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A look inside The Jazz Gallery

Photo by Don Getsug

Photo by Don Getsug

Following Ben Wendel’s December residency, saxophonist and composer Greg Ward will be at The Jazz Gallery through April and early May as part of our Residency Commissions series. Ward is known in the jazz world for leading bands such as Sonic Juggernaut, his powerhouse trio with bassist Joe Sanders and drummer Damion Reid, but also works effortlessly across genre boundaries; for instance, he has composed works for the International Contemporary Ensemble and the Peoria Ballet Company, and was recently commissioned to compose a work for the Chicago-based Spektral String quartet, currently in residence at the University of Chicago. We caught up with Greg by phone to talk about his plans for his Residency this month.

The Jazz Gallery: Are there any particular goals or musical ideas you want to achieve during your residency?

Greg Ward: I’d like to execute this project to the best of my ability, which is composing a set of music that really expresses my gratitude and overall appreciation for the influence that I’ve received from my mentor, Preston Jackson, and also to showcase different aspects of his work,  his life, and our interactions together through music.

Also, we’ve made a film for this project and over this next six weeks we hope to put that together as best as we can. I’d like to leave the audience with a little curiosity about Preston Jackson—to go and to be inspired by his work as I have been.

TJG: Could you say a few words about Preston Jackson for those who may be less familiar with his work?

GW: Preston Jackson is well known as a visual artist, sculptor, welder, painter. He’s done a lot of public art—all kinds of stuff—and he’s really just a master, one of the people I was very fortunate to meet at a young age, but the thing that’s special about him is that he’s explored many different facets of art—or just many disciplines of life.

He’s still an amazing musician to this day and a master martial artist; he was a Tai Chi master as well. It’s just amazing that somebody has pursued these different paths that, to me, seem they would take an entire life to master just one, but he’s done all that in his 70 years.

TJG: When did you first meet him?

GW: I’m 31 now and I met him when I was 15. I had a band in my hometown when I was 15 and I knew him as a guitarist in Peoria, Illinois. He lives between Peoria and Chicago, and people told me that he would come and sit in on my gig. I had a gig at a church that was having a jazz Sunday event, so I took my band and showed up. We had never met, but I knew who he was and we played together. Right after the first song we made a connection, and by the time the gig was over, he had kind of taken me under his wing.

“Oh yeah, we’re going to do a lot of work together,” he said, and he started hiring me for engagements he was playing. I didn’t even know he was an artist at that point, so through hanging out and playing with him I began to see that he was this master artist, and he still has the contemporary arts center in Peoria where he does a lot of his work. There are classes for the community—Tai Chi classes, classes for kids, painting, welding, sculpting—so it was cool to have that period before I went off to school to spend with someone who was very encouraging and very focused about his craft.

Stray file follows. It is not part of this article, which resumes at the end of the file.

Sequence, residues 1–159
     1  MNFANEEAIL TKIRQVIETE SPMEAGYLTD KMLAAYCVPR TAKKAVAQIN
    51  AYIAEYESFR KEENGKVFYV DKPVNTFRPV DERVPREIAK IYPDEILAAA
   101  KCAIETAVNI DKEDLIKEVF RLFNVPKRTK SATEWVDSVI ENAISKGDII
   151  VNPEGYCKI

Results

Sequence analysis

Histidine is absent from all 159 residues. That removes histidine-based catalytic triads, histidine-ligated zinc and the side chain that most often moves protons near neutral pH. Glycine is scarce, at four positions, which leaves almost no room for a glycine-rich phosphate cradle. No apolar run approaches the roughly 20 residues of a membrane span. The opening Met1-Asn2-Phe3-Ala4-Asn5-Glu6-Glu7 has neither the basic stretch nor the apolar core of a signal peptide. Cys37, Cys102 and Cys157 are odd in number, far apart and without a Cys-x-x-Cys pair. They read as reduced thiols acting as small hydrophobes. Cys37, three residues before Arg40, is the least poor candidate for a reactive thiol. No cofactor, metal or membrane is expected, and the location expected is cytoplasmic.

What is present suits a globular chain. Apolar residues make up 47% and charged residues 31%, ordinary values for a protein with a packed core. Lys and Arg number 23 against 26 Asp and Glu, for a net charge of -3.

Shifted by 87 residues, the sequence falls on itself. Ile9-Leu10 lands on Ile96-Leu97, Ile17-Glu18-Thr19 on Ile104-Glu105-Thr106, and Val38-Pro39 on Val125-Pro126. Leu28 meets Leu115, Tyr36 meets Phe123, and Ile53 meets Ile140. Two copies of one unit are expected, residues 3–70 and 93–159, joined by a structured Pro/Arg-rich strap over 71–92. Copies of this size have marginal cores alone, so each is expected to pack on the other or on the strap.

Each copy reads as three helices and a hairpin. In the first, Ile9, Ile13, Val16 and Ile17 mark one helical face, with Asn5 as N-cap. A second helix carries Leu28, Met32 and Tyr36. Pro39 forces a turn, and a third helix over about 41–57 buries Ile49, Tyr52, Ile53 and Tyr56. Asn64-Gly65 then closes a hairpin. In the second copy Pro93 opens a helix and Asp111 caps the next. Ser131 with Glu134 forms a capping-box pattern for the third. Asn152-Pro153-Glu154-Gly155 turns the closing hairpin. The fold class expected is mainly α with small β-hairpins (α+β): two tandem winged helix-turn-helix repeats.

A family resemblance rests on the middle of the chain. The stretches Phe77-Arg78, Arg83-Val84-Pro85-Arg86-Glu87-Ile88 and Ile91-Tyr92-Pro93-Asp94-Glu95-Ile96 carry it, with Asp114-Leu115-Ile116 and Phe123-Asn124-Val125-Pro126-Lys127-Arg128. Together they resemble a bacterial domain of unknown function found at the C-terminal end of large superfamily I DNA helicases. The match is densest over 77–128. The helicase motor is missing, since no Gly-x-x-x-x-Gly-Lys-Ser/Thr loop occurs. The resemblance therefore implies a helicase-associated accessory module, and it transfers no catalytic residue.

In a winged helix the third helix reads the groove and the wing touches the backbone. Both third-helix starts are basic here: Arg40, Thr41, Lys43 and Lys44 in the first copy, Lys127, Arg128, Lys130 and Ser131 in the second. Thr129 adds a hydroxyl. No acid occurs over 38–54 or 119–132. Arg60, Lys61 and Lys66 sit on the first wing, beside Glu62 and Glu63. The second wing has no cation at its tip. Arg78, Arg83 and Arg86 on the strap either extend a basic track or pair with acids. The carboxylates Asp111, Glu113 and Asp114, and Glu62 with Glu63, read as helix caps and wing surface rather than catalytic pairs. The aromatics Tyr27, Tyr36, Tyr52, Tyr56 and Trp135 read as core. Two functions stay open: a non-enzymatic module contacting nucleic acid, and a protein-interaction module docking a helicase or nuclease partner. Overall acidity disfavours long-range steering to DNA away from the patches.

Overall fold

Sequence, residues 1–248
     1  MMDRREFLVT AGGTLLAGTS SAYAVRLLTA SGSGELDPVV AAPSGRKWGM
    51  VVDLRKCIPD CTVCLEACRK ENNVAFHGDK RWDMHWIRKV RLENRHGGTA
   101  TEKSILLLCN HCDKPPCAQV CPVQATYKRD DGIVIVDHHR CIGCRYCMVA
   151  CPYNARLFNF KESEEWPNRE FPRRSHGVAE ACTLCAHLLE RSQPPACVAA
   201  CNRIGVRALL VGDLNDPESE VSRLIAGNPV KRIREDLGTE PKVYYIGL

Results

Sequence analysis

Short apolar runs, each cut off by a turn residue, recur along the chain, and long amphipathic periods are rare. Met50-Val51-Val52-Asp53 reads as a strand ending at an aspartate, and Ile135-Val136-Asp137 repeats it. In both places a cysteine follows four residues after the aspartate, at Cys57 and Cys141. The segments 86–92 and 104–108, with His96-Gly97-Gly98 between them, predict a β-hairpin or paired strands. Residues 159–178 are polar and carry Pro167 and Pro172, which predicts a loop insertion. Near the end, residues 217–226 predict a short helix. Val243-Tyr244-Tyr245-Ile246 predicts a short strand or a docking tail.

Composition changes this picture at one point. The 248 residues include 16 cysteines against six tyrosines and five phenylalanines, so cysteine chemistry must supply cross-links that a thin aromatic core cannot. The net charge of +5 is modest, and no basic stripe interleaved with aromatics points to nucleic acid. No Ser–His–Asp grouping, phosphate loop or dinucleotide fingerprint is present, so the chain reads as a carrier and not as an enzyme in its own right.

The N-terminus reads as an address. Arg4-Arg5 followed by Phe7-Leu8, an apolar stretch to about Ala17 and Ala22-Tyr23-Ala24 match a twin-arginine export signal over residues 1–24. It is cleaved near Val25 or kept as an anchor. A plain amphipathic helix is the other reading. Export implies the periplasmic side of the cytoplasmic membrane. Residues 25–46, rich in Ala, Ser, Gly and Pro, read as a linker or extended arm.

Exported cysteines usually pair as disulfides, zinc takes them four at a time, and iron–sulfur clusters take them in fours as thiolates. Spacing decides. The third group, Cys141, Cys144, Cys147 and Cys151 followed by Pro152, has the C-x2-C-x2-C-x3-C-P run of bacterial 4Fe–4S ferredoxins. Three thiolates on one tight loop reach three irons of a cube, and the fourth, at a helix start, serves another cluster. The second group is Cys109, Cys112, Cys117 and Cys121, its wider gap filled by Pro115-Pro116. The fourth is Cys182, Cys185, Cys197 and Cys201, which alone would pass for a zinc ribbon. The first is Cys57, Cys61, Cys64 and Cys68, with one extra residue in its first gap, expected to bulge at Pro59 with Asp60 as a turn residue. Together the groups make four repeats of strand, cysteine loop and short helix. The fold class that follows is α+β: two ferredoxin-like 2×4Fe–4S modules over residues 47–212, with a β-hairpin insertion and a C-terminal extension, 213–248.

TJG: Can you tell us about the ensemble or ensembles you’ll be writing for?

GW: It’s going to be for septet and we have alto sax, tenor sax, guitar, piano, vocals, upright bass, and drum set. This is the first time in a long time that I’ve had an opportunity to write for an ensemble larger than my trio and quartets, improvising ensembles. I’ve been doing work for different chamber and orchestral groups and they don’t necessarily improvise as much; it’s been a real treat to dive into this group.

TJG: What other work have you been involved in lately over the past year?

GW: I did my first film score for a film called Pinch by a filmmaker named Beresford Bennett. It hasn’t come out yet, but it was just a wonderful thing to be a part of, something I’ve been very interested in over the past few years (and I’ve known Beresford for probably six years now). I always love collaborations like that.

I’ve also been commissioned for this Spektral Quartet, which is based in Chicago. It’s a string quartet that’s the resident ensemble of the University of Chicago right now. They just did this giant cell phone ring tone project where they had over 50 really heavy contemporary classical composers, and I snuck in there to compose different ring tones of different lengths. I’ve also been on tour with Mike Reed’s group, Living by Lanterns.

TJG: You work across so many different musical worlds; do you self-identify as a “jazz musician?” How do you feel about the idea of genres?

GW: I don’t know what I think about the genre thing. I guess my hope is that, since I have such eclectic tastes I just consider myself a musician. And yeah, I have very strong jazz roots because that’s how I seriously studied the music, but also I feel like jazz is a very amazingly blended music with influences. It keeps growing and changing, and I guess you could call the music that I make “jazz” because they’re calling so many things jazz, or just look at it as music that I’m making. Maybe it sounds like some of the other people who make music, people who have the same common interests.

People like to argue about what to call it, and I don’t know—I just hope that people like the music or that they’re moved; they can call it whatever they like. I think it’s easy to identify the things that do influence me: you can say, “Oh yeah, that’s some classical, that’s some jazz.” That’s easy to do, but I don’t know what to do after that.